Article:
Qatar, North Korea, and the Dangers of American Gullibility

March 12 2018

Americans leaders and statesmen, argues Yigal Carmon, have long suffered from a “syndrome” that presumes the trustworthiness of their foreign counterparts even in the absence of evidence. Reviewing numerous instances of such naïveté—from Franklin D. Roosevelt to the present—Carmon focuses on current dealings with North Korea and Qatar: two countries that have proved themselves to be anything but trustworthy:

This syndrome, which stubbornly denies reality, compounds other cultural differences between democracies and dictatorships and renders the West almost unable to contend with evil. Only a few days ago, when the North Korean dictator Kim Jung Un invited the United States to “a heartfelt dialogue,” the Western media swallowed it whole and celebrated it with great fanfare. . . . When the American syndrome meets Arab, Muslim, and other authoritarian regimes, the American side stands no chance, despite the disparity of power. . . .

Qatar is an unelected, family-run authoritarian regime that stamps out domestic freedom of expression. For years, it has been the unapologetic breeding ground of anti-American, anti-Semitic, and anti-Israel incitement, as well as a major promoter of Islamic extremism and terrorism. . . . [I]t has promoted al-Qaeda and its various offshoots, as well as the Muslim Brotherhood and its branches, especially Hamas. For decades, it has sheltered the notorious spiritual leader of the Muslim Brotherhood, Sheikh Yousuf al-Qaradawi, who advocates a second Holocaust “at the hands of the believers, God willing.” . . .

Qatar is allied militarily with Turkey’s extreme Islamist president Recep Tayyip Erdogan [and] has also come out of the closet as a staunch ally of Iran. . . . Like other authoritarian regimes, it has weaponized its totally state-controlled media, [Al Jazeera], to fight its enemies and to support its allies. Qatar rebuilt southern Lebanon on Hizballah’s behalf after the 2006 war, and did the same for Hamas in Gaza after its wars with Israel. . . . [Furthermore], virulent incitement against America and its allies continues to dominate Al Jazeera’s broadcasts to the entire Arabic-speaking world. . . .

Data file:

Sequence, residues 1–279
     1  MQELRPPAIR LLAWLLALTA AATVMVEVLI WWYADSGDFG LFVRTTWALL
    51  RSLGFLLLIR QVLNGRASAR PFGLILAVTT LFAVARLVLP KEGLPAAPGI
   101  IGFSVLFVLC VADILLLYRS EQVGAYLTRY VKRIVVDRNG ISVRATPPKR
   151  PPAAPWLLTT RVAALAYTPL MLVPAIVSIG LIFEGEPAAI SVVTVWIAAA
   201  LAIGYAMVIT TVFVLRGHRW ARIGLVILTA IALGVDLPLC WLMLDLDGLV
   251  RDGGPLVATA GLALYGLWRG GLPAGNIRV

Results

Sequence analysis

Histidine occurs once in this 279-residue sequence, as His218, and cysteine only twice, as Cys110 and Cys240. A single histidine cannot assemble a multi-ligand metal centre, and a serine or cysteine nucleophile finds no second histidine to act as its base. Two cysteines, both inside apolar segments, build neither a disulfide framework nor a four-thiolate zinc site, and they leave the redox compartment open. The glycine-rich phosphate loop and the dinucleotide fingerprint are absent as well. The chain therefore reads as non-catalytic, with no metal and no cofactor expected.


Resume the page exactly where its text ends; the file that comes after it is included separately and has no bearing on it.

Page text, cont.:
[Most recently, taking its inspiration from the claims about hidden Jewish influence found in] the Protocols of the Elders of Zion, [Qatar] extended invitations to the leader of the Zionist Organization of America, Orthodox rabbis, and the vice-president of the Conference of Presidents of American Jewish Organizations to come visit. However, . . . it prepared a standby: a documentary by Al Jazeera TV targeting Jewish organizations in America that can be broadcast if and when necessary. As an Arabic saying regarding Americans goes: screw them, collaborate with them, and double-cross them all at once.

Read more at JNS

More about: American Jewry, Muslim Brotherhood, North Korea, Politics & Current Affairs, Qatar, U.S. Foreign policy


The Danger of Hollow Fixes to the Iran Deal

March 20 2018

In January, the Trump administration announced a 120-day deadline for the so-called “E3”—Britain, France, and Germany—to agree to solutions for certain specific flaws in the 2015 agreement to limit the Islamic Republic’s nuclear program. Omri Ceren explains why it’s necessary to get these fixes right:

[Already in October], the administration made clear that it considered the deal fatally flawed for at least three reasons: a weak inspections regime in which the UN’s nuclear watchdog can’t access Iranian military facilities, an unacceptable arrangement whereby the U.S. had to give up its most powerful sanctions against ballistic missiles even as Iran was allowed to develop ballistic missiles, and the fact that the deal’s eventual expiration dates mean Iran will legally be allowed to get within a hair’s breadth of a nuclear weapon. . . .

A team of American negotiators has been working on getting the E3 to agree to a range of fixes, and is testing whether there is overlap between the maximum that the Europeans can give and the minimum that President Trump will accept. The Europeans in turn are testing the Iranians to gauge their reactions and will likely not accept any fixes that would cause Iran to bolt.

The negotiations are problematic. The New York Times reported that, as far as the Europeans are concerned, the exercise requires convincing Trump they’ve “changed the deal without actually changing it.” Public reports about the inspection fix suggest that the Europeans are loath to go beyond urging the International Atomic Energy Commission to request inspections, which the agency may be too intimidated to do. The ballistic-missile fix is shaping up to be a political disaster, with the Europeans refusing to incorporate anything but long-range missiles in the deal. That would leave us with inadequate tools to counter Iran’s development of ballistic missiles that could be used to wipe Israel, the Saudis, and U.S. regional bases off the map. . . .

There is a [significant] risk the Trump administration may be pushed to accept the hollow fixes acceptable to the Europeans. Fixing the deal in this way would be the worst of all worlds. It would functionally enshrine the deal under a Republican administration. Iran would be open for business, and this time there would be certainty that a future president will not act to reverse the inevitable gold rush. Just as no deal would have been better than a bad deal, so no fix would be better than a bad fix.

Read more at Commentary

More about: Donald Trump, Europe, Iran, Politics & Current Affairs, U.S. Foreign policy